Recently, controversy and misinformation have surrounded the HPV vaccine, an immunization to prevent cervical cancer. One frequently cited study linking vaccines to autism was retracted in 2010 because the author falsified information and used unethical practices. In September, U.S. Rep. Michele Bachmann, a presidential hopeful, stated on NBC's Today show that the HPV vaccine "could potentially be a very dangerous drug" causing "mental retardation," a claim quickly refuted by the medical community.
"There is no link between the HPV vaccine and any form of mental disability," says Dr. Jennifer Baur, an OB/GYN with East Jefferson General Hospital. "There have been no conclusive findings on detrimental side effects other than a little site pain from the shot and a few other mild symptoms like nausea and headache, which disappear shortly after receiving the vaccine. Anything else would be extremely rare."
HPV (human papillomavirus) is the most commonly spread sexually transmitted disease in the United States. According to the Centers for Disease Control's (CDC) website, approximately 20 million Americans are currently infected with the disease. "HPV is so common that at least 50 percent of sexually active men and women get it at some point in their lives," the website states.
There are more than 100 strains of HPV, 40 of which infect the genital area, but only a few pose health problems. "The Gardasil vaccine (for HPV) is recommended to help in the prevention of genital warts and cervical cancer, but it only prevents people from contracting four of the most high-risk types of HPV that cause warts and cancer," Baur says.
Although genital warts are not dangerous, they can cause discomfort, embarrassment and emotional distress. The more serious need for the vaccine is to protect women against cervical cancer. The CDC reports that in the United States, 12,000 women are diagnosed with cervical cancer and 4,000 women die from the disease every year. The strains of HPV that can cause cervical cancer usually don't cause warts or other symptoms, so women can unknowingly harbor the virus and early-stage cervical cancer.
However, genital warts and pre-cancerous cells are not inevitable ends for people who have contracted HPV. Some individuals never exhibit any symptoms at all. "At one time, it was thought once you contracted the virus, you had it for life, but now we are finding that in some cases, the body seems to cure itself, particularly in a young person with a healthy immune system," Baur says. "We're seeing abnormal pap smears that, over time, become completely normal. In older adults, we don't think it's as easy for the immune system to get rid of. We think the possibility of your body getting rid of the virus is better when you're younger."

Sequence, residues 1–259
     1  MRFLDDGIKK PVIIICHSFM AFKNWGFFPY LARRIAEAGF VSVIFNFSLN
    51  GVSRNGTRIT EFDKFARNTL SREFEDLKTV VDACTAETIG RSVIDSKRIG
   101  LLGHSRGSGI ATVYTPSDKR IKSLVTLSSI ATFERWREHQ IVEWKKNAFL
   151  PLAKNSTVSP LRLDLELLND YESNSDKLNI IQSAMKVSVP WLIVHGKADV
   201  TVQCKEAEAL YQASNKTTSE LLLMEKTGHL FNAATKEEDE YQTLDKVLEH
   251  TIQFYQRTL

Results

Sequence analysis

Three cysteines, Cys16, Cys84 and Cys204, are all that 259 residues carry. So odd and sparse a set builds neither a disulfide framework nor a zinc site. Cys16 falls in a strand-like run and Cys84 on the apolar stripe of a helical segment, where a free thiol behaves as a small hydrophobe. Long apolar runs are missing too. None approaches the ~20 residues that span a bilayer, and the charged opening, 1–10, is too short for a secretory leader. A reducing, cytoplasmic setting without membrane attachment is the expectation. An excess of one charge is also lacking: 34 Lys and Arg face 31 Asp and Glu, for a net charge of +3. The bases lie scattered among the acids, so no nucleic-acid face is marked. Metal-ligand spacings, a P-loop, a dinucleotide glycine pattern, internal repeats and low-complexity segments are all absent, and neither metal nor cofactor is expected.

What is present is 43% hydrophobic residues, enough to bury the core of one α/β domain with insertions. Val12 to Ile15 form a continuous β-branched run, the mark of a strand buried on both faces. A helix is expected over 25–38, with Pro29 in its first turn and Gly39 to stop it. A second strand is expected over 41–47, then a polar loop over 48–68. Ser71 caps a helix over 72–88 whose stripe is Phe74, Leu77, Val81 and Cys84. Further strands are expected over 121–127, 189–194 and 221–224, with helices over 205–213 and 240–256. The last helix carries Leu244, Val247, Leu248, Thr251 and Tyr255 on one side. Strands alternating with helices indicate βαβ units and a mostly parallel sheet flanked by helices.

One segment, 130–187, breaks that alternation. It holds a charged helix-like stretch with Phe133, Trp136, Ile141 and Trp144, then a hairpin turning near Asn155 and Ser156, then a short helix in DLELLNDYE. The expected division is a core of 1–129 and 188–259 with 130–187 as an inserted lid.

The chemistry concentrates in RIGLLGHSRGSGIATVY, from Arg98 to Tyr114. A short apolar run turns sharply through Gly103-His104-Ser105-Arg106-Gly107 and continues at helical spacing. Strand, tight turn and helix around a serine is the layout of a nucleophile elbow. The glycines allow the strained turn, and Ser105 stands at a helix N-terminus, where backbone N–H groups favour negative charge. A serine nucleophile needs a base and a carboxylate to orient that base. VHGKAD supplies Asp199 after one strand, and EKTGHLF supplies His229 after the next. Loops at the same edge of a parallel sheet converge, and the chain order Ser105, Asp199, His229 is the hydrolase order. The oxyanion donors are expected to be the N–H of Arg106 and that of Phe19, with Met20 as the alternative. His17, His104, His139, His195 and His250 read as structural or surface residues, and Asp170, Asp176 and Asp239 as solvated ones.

Despite the obvious benefits, the HPV vaccine is still regarded with some skepticism. Baur speculates that debate over Gardasil is fueled, in part, by a general squeamishness about of linking young girls to sexually transmitted diseases.
"(The HPV vaccine) doesn't encourage sexual activity," Baur says. "I think some parents feel concerned that it will promote promiscuity, but the HPV vaccine is actually an opportunity to educate children and teens about sex and sexually transmitted diseases."
Because the virus is so common, vaccinating girls before they become sexually active is the safest way to ensure their protection, Baur says. The HPV vaccine is recommended for girls between 11 and 26 years old, and it is approved for girls as young as 9. The vaccine is administered in three doses over six months. Recently, the FDA also approved the vaccine for boys ages 9-26 to prevent the spread of genital warts and protect against anal cancer. The health risks for males contracting HPV are much lower, however, so the vaccine is not widely administered them.
Despite the extra protection the new HPV vaccine provides, Baur notes, "It doesn't provide complete protection against cervical cancer, so it is still important for women to get a pap smear every year."